Cardiac Electrophysiology Consultants of South Texas, P.A.

Medical Center Tower I
7950 Floyd Curl Drive
Suite 803
San Antonio, TX 78229
tel: 210-615-9500
fax: 210-615-9600
email: office at
Specializing in the compassionate care of people who suffer from abnormalities of the electrical system of the heart Current Insurance Plans: We accept most major commercial insurance plans. Please call for details.
Medicare: We have opted out of Medicare, and are happy to care for Medicare beneficiaries on an affordable cash basis. Note: Federal law prohibits signing the Federally-mandated opt-out contract with a Medicare beneficiary who is in an emergency situation.
No insurance? No problem! Consider our affordable Fee for service (direct pay).
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General information about the heart for patients, their family members, and concerned laymen

Hypertrophic Cardiomyopathy
     Hypertrophic cardiomyopathy is an unusual condition in which the muscle of the heart is too thick for no particular reason. It has many names, and ranges in seriousness from "not very" to life-threatening. The thickening is characteristically in the "interventricular septum", or the muscle that separates the right and left ventricles. Because the thickening affects one part of the heart wall more than another part, it is often "asymmetric"

There is an organization for patient support called the Hypertrophic Cardiomyopathy Association that was created by a relative of a patient who died from hypertrophic cardiomyopathy. The address is PO Box 306, Hibernia NJ 07842, the telephone number is (973) 983-7429, the email address is, and the Web site URL is

There are several problems that can occur. We recommend that interested readers go to for more detailed information, and let us know if their site is missing something you would like to know.

  • Obstruction to flow of blood out of the left ventricle to the aorta. This is an unusual type of obstruction in that it occurs only while the left ventricle is contracting and only when the portion of the septum near the aortic valve is thickened. To understand why obstruction occurs, it is important to understand that one of the leaflets that make up the mitral valve lies close to the septum when the mitral valve is open. When the left ventricle begins to contract, blood starts to flow between the opened mitral leaflet and the septum into the aortic valve, which lies between them. This flow of blood draws the mitral valve leaflet closer to the septum, which makes it harder for the blood to flow. This is called dynamic obstruction.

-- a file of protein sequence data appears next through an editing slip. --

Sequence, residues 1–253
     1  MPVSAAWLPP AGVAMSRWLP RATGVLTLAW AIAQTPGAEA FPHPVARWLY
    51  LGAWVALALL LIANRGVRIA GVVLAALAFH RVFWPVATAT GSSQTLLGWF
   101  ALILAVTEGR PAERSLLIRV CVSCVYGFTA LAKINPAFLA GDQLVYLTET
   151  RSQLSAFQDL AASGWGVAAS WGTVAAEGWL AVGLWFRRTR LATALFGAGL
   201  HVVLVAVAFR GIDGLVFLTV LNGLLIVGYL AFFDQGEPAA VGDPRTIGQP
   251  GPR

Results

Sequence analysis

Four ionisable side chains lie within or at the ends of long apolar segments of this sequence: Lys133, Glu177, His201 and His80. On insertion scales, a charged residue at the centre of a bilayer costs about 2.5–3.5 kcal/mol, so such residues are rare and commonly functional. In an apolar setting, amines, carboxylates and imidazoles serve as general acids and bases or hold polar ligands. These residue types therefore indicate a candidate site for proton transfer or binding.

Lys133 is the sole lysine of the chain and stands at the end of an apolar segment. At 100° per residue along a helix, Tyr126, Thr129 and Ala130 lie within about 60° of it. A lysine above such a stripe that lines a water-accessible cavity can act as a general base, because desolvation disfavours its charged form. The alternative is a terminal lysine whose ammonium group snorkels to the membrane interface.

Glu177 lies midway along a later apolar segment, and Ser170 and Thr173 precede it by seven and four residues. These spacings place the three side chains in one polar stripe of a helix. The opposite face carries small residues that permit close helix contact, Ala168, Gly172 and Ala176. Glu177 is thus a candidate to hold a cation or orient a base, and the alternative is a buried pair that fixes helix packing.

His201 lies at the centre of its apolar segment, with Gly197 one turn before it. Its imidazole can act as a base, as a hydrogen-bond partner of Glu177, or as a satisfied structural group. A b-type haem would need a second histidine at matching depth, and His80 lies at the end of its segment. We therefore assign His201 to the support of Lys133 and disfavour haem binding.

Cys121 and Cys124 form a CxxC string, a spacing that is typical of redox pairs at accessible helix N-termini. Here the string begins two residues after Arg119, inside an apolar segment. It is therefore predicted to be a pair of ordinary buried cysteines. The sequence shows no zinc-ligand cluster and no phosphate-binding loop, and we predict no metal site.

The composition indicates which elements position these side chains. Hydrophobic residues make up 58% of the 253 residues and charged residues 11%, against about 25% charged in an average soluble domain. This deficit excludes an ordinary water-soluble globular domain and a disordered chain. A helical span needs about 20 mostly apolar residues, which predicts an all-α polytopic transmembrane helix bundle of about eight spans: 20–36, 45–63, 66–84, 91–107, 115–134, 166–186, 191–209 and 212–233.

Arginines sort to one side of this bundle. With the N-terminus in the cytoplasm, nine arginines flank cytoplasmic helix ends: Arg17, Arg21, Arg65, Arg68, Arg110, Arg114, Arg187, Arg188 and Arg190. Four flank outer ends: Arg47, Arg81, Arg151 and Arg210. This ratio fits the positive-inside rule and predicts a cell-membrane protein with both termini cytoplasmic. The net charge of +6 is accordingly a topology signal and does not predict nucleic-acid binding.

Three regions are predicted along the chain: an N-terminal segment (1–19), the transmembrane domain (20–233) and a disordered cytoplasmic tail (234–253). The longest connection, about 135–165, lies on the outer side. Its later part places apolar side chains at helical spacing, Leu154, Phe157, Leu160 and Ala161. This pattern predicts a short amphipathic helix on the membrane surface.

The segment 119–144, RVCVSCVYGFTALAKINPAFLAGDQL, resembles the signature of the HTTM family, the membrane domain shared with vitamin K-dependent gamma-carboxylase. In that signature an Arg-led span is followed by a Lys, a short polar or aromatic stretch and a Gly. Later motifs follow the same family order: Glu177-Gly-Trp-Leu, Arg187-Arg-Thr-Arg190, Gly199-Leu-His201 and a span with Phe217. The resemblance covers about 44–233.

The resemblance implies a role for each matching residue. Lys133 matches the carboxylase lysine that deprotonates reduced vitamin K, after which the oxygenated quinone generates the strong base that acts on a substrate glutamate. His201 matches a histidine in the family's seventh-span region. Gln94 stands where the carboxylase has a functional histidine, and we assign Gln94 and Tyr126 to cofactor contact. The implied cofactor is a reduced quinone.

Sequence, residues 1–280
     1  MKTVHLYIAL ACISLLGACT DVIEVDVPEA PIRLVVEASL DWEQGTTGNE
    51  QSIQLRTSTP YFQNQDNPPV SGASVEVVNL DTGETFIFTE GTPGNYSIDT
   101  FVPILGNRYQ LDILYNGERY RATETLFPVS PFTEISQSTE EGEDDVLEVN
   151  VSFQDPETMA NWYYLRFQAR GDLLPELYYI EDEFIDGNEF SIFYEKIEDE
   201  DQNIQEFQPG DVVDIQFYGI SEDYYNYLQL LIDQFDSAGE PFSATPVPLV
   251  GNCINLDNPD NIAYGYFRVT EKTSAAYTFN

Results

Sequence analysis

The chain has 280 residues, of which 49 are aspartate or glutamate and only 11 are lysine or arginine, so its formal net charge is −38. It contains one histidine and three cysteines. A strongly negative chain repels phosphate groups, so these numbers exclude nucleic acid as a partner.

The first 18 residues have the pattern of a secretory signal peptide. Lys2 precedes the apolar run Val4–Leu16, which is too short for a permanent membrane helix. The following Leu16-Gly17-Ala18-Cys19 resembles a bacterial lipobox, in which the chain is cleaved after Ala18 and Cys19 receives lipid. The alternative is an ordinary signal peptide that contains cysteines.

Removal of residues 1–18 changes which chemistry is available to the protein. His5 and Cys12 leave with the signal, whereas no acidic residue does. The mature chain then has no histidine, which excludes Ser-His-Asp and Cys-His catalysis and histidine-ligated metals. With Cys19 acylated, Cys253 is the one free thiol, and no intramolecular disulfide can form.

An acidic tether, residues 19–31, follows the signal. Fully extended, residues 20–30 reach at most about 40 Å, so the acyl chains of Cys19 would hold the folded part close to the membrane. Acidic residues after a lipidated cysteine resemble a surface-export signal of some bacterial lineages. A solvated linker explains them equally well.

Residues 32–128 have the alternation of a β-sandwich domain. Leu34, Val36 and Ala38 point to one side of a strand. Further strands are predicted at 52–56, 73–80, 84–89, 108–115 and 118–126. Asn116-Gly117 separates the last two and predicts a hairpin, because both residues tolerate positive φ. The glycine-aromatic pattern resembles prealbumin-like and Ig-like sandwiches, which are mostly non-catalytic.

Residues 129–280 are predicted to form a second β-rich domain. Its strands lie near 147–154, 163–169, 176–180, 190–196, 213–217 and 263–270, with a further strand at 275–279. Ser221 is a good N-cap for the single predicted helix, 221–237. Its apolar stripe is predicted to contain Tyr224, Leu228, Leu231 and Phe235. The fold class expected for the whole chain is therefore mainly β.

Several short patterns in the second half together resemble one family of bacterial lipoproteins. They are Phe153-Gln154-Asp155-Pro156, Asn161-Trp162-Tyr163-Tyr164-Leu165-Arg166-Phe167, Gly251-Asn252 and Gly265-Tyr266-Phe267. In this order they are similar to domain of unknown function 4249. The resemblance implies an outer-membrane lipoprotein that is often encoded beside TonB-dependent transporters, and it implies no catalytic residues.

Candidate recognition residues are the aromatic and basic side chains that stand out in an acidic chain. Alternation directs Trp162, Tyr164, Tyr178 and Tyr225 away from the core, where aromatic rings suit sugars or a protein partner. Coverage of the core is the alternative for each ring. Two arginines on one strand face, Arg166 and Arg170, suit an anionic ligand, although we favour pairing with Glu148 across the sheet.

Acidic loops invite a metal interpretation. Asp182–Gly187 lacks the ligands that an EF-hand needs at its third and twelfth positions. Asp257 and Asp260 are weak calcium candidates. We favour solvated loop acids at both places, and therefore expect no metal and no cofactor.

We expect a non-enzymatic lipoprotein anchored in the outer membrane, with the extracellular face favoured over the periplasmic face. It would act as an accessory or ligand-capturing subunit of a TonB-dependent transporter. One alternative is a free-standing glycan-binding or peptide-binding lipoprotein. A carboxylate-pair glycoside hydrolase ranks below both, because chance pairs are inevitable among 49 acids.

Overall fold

Diagnosis of obstructive hypertropic cardiomyopathy can be made by echocardiography and by left heart catheterization.

    Treatments for obstructive hypertrophic cardiomyopathy include medications that are negative inotropic agents, such as beta-blockers and verapamil, avoidance of positive inotropes such as digitalis compounds, implantation of a dual chamber pacemaker, replacement of the mitral valve (to eliminate the leaflet that obstructs the passage of blood flow), and surgical or chemical resection of the thickened part of the septum. Each of these options has advantages and disadvantages, and should be discussed with your doctor.

  • Heart failure "Heart failure" in this setting refers to shortness of breath and/or weakness due to inability of the heart to pump enough blood to empty the lungs and supply the body with oxygenated blood. Unlike congestive heart failure, heart failure in hypertrophic cardiomyopathy is due to "diastolic dysfunction", which means that the heart muscle does relax fast enough and completely enough to allow blood to flow in before the heart begins to contract again.

    If obstruction to flow is present, the treatments are as above. If there is no obstruction, only the medications described above are used.

  • Fast heart rhythms such as ventricular tachycardia. Unfortunately, the cellular structure of the heart muscle in hypertrophic cardiomyopathy is not normal. Perhaps for this reason, people with this condition are at risk for sudden death due to ventricular tachcardia and ventricular fibrillation.

    There are no good diagnostic tests for identifying the few people with this condition who will die suddenly. Electrophysiological study has been reported to be helpful by some physicians but not all. For this reason, electrophysiologists look for clues in a person's history that suggest a higher risk: family history of sudden death with hypertrophic cardiomyopathy, syncope (passing out spells) or near-syncope, and the finding of ventricular tachycardia on ambulatory ("Holter") electrocardiography recordings.

    Until relatively recently, there were no good treatments for patients with hypertrophic cardiomyopathy who were at high risk for sudden death. At this time, most such patients are treated with implantable cardioverter-defibrillators (ICDs), which are quite safe and very effective.

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